Chronic kidney disease: mineral and bone disorder in children.Semin Nephrol. 2013 Mar; 33(2):169-79.SN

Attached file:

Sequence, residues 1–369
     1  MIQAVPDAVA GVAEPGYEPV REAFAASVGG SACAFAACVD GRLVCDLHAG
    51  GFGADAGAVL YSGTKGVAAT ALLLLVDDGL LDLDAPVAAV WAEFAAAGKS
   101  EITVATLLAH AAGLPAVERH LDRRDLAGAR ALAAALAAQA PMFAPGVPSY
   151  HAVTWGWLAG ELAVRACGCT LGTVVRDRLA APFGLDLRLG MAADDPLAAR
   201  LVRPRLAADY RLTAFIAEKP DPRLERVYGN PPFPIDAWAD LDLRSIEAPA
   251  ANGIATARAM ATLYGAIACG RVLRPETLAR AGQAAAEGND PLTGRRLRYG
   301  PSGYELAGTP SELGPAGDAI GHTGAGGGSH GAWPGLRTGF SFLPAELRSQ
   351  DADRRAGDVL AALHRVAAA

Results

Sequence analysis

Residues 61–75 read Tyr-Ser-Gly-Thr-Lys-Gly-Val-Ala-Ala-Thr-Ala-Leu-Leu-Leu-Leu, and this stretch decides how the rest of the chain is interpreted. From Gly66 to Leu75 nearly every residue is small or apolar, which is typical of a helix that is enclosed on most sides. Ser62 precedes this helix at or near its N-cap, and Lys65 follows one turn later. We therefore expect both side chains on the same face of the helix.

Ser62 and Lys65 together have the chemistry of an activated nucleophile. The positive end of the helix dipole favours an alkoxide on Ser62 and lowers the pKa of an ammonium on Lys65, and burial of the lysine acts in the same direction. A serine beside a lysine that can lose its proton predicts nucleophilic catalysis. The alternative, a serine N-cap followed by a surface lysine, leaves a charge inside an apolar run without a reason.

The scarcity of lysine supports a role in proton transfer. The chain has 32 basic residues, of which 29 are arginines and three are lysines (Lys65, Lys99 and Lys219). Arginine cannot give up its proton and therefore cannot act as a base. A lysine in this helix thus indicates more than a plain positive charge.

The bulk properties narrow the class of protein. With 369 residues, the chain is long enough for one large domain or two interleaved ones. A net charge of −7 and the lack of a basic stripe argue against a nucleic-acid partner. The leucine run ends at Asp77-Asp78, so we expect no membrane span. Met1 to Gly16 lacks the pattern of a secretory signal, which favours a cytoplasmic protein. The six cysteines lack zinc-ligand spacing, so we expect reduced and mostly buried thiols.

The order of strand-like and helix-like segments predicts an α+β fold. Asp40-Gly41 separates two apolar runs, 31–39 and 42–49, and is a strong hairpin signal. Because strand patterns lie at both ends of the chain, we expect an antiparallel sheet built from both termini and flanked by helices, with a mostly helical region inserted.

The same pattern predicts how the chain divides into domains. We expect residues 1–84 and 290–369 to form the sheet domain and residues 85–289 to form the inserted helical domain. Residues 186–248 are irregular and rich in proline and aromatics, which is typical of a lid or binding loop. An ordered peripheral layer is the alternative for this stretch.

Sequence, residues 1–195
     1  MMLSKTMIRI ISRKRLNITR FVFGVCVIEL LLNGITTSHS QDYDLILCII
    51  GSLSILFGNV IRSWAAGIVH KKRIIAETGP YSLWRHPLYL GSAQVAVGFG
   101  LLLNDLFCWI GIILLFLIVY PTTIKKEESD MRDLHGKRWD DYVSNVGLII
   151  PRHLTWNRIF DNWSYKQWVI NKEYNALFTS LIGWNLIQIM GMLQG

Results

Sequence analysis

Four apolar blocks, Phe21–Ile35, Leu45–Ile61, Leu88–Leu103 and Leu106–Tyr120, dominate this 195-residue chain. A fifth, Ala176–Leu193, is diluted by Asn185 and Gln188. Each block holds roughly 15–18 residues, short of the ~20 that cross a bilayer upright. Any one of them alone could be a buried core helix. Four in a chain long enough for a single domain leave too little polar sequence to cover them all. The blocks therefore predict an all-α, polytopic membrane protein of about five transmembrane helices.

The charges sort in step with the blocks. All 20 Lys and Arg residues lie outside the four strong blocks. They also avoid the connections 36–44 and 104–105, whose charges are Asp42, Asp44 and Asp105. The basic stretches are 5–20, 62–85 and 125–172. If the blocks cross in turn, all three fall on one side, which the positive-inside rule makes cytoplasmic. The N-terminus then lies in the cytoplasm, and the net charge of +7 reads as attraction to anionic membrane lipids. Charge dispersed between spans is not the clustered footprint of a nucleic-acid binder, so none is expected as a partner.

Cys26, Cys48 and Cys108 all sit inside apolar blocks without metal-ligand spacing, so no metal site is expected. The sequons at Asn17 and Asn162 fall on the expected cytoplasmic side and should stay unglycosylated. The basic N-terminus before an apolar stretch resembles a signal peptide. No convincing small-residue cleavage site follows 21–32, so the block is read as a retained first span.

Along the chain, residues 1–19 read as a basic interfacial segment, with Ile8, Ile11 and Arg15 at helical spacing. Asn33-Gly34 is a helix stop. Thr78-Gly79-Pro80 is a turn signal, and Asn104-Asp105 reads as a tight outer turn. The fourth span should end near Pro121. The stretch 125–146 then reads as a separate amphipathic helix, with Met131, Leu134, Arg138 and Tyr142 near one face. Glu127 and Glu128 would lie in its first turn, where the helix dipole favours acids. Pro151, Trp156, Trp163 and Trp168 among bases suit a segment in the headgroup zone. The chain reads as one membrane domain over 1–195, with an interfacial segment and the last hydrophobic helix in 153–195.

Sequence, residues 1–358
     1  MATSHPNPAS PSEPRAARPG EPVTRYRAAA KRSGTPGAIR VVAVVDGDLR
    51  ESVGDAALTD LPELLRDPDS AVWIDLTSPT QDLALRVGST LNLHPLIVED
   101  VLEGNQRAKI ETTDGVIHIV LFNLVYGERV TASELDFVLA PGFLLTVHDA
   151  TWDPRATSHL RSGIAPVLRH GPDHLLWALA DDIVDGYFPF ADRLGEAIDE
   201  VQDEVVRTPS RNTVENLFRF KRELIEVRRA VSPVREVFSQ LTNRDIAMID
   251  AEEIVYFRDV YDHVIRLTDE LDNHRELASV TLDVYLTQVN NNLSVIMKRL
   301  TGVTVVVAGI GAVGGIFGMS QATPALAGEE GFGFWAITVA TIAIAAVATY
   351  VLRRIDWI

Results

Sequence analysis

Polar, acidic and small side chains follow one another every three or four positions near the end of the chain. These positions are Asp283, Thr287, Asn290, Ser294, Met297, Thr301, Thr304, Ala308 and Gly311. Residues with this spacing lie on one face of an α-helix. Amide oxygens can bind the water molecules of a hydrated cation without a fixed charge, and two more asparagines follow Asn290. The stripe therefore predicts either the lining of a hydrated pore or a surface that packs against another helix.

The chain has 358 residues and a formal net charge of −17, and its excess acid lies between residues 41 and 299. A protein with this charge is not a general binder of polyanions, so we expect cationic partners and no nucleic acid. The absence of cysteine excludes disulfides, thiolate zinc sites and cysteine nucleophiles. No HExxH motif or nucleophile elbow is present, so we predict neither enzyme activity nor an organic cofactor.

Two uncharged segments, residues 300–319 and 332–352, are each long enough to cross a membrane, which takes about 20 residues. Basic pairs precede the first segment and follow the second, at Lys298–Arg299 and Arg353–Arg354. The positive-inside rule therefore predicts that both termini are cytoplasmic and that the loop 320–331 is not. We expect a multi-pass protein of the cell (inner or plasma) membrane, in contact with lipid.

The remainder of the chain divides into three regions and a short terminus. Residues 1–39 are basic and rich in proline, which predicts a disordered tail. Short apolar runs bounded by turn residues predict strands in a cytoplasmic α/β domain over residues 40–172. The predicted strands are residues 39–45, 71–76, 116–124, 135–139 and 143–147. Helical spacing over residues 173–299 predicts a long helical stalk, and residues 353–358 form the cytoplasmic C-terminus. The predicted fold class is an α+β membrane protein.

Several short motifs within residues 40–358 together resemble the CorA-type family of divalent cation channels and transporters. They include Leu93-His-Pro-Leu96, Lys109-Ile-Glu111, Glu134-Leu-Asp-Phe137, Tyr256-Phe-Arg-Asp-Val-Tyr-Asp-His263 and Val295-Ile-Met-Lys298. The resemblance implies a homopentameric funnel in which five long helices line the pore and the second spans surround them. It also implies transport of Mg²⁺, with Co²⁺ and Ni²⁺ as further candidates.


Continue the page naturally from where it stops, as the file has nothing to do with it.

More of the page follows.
Childhood and adolescence are crucial times for the development of a healthy skeletal and cardiovascular system. Disordered mineral and bone metabolism accompany chronic kidney disease (CKD) and present significant obstacles to optimal bone strength, final adult height, and cardiovascular health. Early increases in bone and plasma fibroblast growth factor 23 (FGF23) are associated with early defects in skeletal mineralization. Later in the course of CKD, secondary hyperparathyroidism--caused by a combination of declining calcitriol values and phosphate retention--results in high-turnover renal osteodystrophy whereas increased levels of both phosphate and FGF23 contribute to cardiovascular disease. Treatment of hyperphosphatemia and secondary hyperparathyroidism improves high-turnover bone disease but fails to correct defects in skeletal mineralization. Because overtreatment may result in adynamic bone disease, growth failure, hypercalcemia, and progression of cardiovascular calcifications, therapy therefore must be titrated carefully to maintain optimal serum biochemical parameters according to stage of CKD. Newer therapeutic agents and new treatment paradigms may suppress serum PTH levels effectively while limiting intestinal calcium absorption and skeletal FGF23 stimulation and may provide future therapeutic alternatives for children with CKD.